The Edge of the Sea
The Edge of the Sea was a book Carson had always wanted to write. Her idea for it began while she still worked at the US Fish and Wildlife Service. She thought of it as a "field guide," and Houghton Mifflin editor-in-chief Paul Brooks had a similar idea in mind when the two first met after Carson achieved literary fame with The Sea Around Us. But as Carson visited each coastal area and began writing, the book became much more than any typical "guide book." It has all the hallmarks we now associate with Rachel Carson’s prose. Once again a scientifically accurate exploration of the ecology of Atlantic seashore, but also a hauntingly beautiful account of what one can find at the edge of the sea. She explores a tide pool, and an inaccessible cave, and watches a lone crab on the shore at midnight. Each is a memorable encounter.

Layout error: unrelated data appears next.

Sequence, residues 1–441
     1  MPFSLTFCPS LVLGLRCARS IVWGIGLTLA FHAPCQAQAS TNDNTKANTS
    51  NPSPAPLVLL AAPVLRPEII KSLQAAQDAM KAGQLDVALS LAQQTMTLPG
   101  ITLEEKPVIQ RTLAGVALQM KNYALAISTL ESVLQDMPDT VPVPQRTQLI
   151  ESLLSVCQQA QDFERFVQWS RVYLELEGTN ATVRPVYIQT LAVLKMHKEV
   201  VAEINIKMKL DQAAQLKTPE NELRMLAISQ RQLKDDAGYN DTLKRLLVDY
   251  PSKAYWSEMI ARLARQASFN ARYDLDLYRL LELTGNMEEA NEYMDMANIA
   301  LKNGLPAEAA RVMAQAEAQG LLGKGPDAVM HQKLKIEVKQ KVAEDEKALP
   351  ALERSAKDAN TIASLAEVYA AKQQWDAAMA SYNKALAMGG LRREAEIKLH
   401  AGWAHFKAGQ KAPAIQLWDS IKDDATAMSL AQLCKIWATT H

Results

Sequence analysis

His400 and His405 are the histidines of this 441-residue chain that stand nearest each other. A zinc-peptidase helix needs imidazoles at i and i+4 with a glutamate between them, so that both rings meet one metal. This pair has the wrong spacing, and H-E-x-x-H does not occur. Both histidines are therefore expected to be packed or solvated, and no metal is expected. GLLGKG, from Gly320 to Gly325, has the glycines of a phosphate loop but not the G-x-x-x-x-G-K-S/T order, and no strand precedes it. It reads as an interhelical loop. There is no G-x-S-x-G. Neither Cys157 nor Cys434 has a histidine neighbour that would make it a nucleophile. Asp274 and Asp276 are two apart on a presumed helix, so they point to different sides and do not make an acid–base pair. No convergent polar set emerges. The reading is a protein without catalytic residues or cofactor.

Aided by a Guggenheim Fellowship, Carson produced this exploration of the rocky coast of New England, the sandy shores of the Mid-Atlantic, and the coral shores of the lower South. Each area is described with its teeming animal and plant life all of which Carson describes with imagination and wonder. Few books have conveyed the process of evolution so dramatically or given us such an intimate glimpse into the awe and mystery of the natural world.
This was also her first collaboration with her friend Bob Hines, an artist, whose drawings accompany Carson's rich descriptions. (see, John Juriga,Bob Hines: National Wildlife Artist. ) Best of all, The Edge of the Sea completed Carson’s trilogy on the sea and established her as the premier "biographer" of the sea.
Author: Rachel Carson
Paperback: 304 pages
Publisher: Mariner Books; Reprint edition (October 15, 1998)
Originally Published: 1955